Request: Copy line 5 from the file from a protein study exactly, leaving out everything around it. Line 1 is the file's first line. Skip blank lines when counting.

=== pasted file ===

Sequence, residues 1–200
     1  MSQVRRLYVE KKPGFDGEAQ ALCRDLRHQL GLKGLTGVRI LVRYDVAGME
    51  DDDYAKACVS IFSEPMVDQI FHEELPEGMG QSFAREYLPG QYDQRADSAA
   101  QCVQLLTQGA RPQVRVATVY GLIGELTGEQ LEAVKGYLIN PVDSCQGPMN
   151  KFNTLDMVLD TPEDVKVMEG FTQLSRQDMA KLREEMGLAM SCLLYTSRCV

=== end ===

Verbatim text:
   151  KFNTLDMVLD TPEDVKVMEG FTQLSRQDMA KLREEMGLAM SCLLYTSRCV